A Few Reasons Marriage Rates are Falling Worldwide

Photo by Nghia Trinh from Pexels

As a lifelong bachelor who’s never had more than a passing interest in getting married, sometimes I like to take a moment to examine the institution from an outsider’s perspective.

It’s not that I don’t like or trust the concept of marriage. I’m not some cynical, jaded, red pill doomer/MGTOW misanthrope. Having seen my share of “manosphere” content on YouTube, my overall assessment is it’s like most gangsta rap. Hilarious subverse, fun to listen to, but not exactly meaningful or useful for leading a productive life. Most of the so-called “unplugged” red pillers are really nothing more than just unlikable a-holes with too much money and/or time on their hands.

Yet, many of them do make very valid points in their suspicions toward the institution of marriage. It’s a coin flip. A 50% chance you might lose half your possessions (or more) in a divorce. Who wants to take 50/50 odds their parachute won’t open after they jump out of a plane? You’ve heard all the analogies and seen all the statistics before, I’m sure.

On principle, marriage is a good idea. If it represents a genuine committment and a good faith promise from parties not to screw each other over in the event of a separation. Looked at from a financial and tax perspective, there are many benefits. Given how many Millennials (who are now in the thick of their getting hitched years given their age group) are supposedly broke/unemployed/in debt/under employed/not fulfilling their economic potential, it would seem getting married makes all kinds of sense financially. Two people to share onerous rent or mortgage payments, furniture costs, Netflix subscription fees, etc. Yet, marriage rates globally continue to decline.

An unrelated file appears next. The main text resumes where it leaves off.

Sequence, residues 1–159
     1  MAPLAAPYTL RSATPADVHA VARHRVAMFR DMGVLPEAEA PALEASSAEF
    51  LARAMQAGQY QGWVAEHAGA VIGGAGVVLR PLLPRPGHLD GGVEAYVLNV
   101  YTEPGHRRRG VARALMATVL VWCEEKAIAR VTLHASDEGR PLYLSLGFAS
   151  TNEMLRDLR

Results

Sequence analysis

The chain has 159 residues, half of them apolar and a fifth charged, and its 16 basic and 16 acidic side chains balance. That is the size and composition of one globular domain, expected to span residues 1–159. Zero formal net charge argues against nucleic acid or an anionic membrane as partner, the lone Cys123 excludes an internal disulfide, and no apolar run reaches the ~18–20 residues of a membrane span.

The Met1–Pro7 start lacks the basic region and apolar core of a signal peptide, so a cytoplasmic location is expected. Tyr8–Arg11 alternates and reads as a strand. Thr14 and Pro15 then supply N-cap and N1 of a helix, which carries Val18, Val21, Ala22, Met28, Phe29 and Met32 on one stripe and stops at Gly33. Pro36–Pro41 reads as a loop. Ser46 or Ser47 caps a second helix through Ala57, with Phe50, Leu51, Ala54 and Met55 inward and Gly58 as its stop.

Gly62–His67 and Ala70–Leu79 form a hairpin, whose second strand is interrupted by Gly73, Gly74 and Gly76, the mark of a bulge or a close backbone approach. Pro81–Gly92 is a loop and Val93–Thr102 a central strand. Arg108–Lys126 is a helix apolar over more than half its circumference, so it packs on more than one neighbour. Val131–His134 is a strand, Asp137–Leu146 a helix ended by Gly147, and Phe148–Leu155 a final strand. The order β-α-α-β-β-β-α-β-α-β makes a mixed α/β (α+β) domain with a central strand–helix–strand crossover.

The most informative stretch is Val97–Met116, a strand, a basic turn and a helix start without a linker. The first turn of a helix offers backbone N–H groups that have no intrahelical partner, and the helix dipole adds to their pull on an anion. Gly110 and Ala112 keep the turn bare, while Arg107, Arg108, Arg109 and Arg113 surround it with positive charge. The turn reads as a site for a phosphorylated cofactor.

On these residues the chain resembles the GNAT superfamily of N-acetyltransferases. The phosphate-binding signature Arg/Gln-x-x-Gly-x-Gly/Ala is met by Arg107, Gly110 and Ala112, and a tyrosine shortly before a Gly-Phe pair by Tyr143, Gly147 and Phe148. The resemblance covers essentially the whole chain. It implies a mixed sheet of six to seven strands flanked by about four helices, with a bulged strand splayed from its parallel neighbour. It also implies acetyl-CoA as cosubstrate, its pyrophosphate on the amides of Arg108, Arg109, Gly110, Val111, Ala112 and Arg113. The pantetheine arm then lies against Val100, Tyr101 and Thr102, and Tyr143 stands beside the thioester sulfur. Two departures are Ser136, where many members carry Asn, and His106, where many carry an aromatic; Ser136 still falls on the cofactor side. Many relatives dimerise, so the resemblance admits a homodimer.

So, why is this? The South China Morning Post lists three reasons. The first of which is:

Independent demographer He Yafu said young Chinese women were changing their view of marriage and parenting.

“As their education and economic independence levels increase, the percentage of women who are single is increasing,” He said.

Women becoming more independent and self-sufficient as a cause for declining marriage rates is not unique to China, of course. In all my searches, I found that to be a common theme. It’s certainly a cause here in the West, in the U.S. and Canada, and elsewhere. It’s here that a red piller might posit that feminism will “destroy civilization,” as it reduces women’s interest in having committed relationships during their peak fertile windows, leading to fewer births, leading to governments having to allow for laxxer immigration policies to prop up the tax base, leading to the dissolution of unified national identity, leading to globalization, and ultimately leadings to pods, bugs, fake meat, and mandatory soy injections in the dick, or something.

By the way, if all that does happen, I’ll be happy to admit I was wrong to doubt the red pillers and for not buying a MGTOW coaching session for $20 a minute so I can be told what a loser I am for not being a millionaire supermodel pussy slayer by age 25.